I have a recurring a dream. I am on a little raft with my children, and we paddle from a sandy beach out to a tree-covered isle towards the end of the day. The sea is like glass, mirroring a swirl of warm colours in the sky. We know the isle is a safe haven, an enchanted place. As we paddle, time seems to stand still. After awhile, we get there, and I pull the raft up onto some rocks, so it won’t drift away again. The laughter of my children echoes through the woods, as they set out to explore it. I feel so happy to share this moment with them.
Dreams are stories we tell ourselves. They seem more like dream-pictures or films than strings of words. I am not sure how to interpret dreams. Do they have fixed meanings, based on the rigorous classification of symbols by somebody else? I am not so sure.
For one thing, the meaning we find in dreams and other experiences sometimes changes over time, as our perspective changes. Suppose I identify with a character in Shakespeare’s play The Tempest. As a young man, I would likely have identified with Ferdinand, who was so much in love with Miranda; now in middle age, I am more likely to identify with Prospero, although such identifications are, of course, fantasies. Or again, suppose I identify with someone in Lord of the Rings. As a young man, I felt like Frodo Baggins, on a perpetual quest; in middle age, even my children have called me Gandalf, riding to the rescue when they get into difficulties. If my children may call me by other names, I am unaware of the details!
It is striking how arbitrary Sigmund Freud and Carl Gustav Jung get, in their interpretation of the symbolism of dreams. Their ambition is to make psychoanalysis scientific, which means using tight reasoning and cause-to-effect associations in order to establish a whole framework of doctrines and laws and rules for the interpretation of dreams. Freud and Jung both occasionally draw on Greek mythology to identify complexes and disorders, so their intention may be scientific, but the source of their interpretations is not always based on scientific observations. They are, after all, studying the unconscious!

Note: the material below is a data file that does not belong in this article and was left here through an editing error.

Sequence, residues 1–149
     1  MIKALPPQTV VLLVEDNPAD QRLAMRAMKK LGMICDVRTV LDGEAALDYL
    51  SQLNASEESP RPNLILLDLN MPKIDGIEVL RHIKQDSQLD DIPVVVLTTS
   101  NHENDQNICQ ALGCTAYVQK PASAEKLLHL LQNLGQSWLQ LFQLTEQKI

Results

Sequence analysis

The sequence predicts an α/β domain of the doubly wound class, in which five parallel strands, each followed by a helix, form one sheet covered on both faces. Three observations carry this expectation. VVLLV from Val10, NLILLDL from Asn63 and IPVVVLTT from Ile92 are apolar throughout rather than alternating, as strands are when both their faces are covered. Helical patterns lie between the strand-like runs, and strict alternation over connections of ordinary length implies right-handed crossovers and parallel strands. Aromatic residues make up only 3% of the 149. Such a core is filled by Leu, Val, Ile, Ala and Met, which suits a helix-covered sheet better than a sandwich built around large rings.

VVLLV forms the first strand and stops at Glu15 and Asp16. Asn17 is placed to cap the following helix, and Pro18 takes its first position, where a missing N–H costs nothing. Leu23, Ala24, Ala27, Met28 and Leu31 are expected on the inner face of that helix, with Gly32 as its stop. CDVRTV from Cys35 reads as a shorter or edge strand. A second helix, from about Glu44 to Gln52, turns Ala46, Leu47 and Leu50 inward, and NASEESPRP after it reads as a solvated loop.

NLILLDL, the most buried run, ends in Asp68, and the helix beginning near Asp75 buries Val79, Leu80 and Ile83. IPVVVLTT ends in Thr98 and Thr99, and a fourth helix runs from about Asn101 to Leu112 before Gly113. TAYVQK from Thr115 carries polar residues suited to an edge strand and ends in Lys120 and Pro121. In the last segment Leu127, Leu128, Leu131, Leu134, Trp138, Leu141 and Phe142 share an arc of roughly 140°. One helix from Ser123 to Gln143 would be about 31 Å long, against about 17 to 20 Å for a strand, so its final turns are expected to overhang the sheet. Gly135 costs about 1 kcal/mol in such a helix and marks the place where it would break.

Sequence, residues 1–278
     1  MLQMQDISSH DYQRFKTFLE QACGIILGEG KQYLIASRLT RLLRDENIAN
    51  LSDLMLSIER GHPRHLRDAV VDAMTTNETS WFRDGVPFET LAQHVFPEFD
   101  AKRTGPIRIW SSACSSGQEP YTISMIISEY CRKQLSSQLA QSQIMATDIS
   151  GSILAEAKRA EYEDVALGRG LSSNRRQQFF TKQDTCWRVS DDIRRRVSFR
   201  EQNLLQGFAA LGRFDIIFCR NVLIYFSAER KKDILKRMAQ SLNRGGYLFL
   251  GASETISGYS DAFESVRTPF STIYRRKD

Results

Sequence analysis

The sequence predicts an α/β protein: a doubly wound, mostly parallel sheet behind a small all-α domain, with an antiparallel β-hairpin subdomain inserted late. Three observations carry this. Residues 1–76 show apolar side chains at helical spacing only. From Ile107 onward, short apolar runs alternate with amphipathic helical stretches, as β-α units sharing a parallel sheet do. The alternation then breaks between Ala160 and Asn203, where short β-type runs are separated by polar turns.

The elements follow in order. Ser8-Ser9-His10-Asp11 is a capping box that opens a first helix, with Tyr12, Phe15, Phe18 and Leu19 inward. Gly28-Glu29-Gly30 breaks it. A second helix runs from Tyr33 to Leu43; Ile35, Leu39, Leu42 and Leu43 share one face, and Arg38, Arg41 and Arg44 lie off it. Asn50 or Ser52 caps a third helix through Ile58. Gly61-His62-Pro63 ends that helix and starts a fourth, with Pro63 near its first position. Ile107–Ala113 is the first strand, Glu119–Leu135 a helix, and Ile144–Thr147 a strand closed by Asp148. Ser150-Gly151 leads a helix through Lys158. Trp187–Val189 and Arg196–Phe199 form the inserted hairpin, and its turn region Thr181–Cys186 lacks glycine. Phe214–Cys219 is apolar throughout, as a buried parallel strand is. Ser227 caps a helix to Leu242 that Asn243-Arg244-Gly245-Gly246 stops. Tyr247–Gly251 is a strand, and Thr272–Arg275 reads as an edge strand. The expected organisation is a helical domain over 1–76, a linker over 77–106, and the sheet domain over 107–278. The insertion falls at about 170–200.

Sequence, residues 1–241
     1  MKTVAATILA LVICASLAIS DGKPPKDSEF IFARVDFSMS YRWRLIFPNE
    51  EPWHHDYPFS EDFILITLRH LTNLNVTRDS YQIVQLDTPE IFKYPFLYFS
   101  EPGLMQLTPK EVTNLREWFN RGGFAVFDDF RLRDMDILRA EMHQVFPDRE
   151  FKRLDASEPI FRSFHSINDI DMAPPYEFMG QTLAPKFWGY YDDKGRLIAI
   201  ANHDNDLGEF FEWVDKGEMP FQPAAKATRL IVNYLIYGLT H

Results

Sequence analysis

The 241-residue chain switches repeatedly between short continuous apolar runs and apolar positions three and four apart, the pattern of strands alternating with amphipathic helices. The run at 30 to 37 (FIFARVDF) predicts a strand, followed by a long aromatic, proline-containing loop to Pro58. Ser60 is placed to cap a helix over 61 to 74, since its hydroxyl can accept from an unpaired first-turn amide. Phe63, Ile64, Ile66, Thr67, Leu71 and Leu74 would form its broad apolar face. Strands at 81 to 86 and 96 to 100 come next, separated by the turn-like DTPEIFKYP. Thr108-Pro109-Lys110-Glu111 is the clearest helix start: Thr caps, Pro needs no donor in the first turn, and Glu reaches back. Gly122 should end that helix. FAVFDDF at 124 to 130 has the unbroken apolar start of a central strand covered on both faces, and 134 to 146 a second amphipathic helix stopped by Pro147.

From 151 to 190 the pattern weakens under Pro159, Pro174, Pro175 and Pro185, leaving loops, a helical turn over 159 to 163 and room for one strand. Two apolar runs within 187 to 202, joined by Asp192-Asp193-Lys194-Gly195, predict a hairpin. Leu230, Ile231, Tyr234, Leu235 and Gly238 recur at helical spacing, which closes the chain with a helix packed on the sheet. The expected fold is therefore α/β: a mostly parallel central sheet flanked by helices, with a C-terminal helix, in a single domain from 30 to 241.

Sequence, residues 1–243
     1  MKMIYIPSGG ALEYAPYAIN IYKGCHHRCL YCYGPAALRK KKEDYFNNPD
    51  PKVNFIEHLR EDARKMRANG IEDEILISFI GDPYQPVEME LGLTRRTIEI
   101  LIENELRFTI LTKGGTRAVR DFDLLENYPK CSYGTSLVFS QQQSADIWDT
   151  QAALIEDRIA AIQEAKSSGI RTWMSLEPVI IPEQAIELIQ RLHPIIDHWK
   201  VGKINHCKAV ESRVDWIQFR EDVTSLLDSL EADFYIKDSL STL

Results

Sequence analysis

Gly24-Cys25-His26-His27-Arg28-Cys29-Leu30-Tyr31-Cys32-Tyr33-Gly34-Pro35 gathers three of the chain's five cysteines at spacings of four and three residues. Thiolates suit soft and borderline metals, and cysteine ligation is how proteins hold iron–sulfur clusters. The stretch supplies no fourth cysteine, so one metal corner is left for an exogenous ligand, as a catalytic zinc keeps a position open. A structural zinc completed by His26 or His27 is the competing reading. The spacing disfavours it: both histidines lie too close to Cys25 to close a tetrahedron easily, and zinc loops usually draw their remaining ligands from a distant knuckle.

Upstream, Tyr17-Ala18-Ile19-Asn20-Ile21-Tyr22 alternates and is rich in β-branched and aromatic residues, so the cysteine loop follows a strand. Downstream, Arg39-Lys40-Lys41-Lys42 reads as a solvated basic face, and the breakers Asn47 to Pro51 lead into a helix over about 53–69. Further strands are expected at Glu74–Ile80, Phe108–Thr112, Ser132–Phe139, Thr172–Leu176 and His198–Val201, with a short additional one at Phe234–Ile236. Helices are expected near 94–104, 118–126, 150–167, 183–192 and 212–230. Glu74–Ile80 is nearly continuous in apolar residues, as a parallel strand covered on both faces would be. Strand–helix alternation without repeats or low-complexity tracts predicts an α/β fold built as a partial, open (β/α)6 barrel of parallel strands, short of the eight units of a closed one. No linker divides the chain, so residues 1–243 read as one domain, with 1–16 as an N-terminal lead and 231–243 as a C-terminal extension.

Some of what Freud and Jung say about dreams strikes me as subjective, forced and circumstantial. Freud even goes so far as to say: something means what it means, unless it means the exact opposite! This sounds like a passage from Alice in Wonderland.
Another time, Freud claims when you dream you are worried you will fail an exam, it is never in a subject you are bad at: it is only in a subject you are good at. In one recurring dream, I am afraid of an upcoming trigonometry exam. I have never been good at trigonometry. On the other hand, I have never dreamt I am going to fail at history, and I am good at remembering historical theories and facts.
Nonetheless, I enjoy reading Freud, especially when he is clearly being subjective!
So, what does my recurring dream mean, about paddling on a raft with my children on a glass-like sea as far as a tropical isle? I always wake up happy from this dream: I feel I have just enjoyed the most enchanting experience, while time stood still; my children were young; we discovered something together that was really beautiful; and we were safe. I take this recurring dream literally. It is what it is.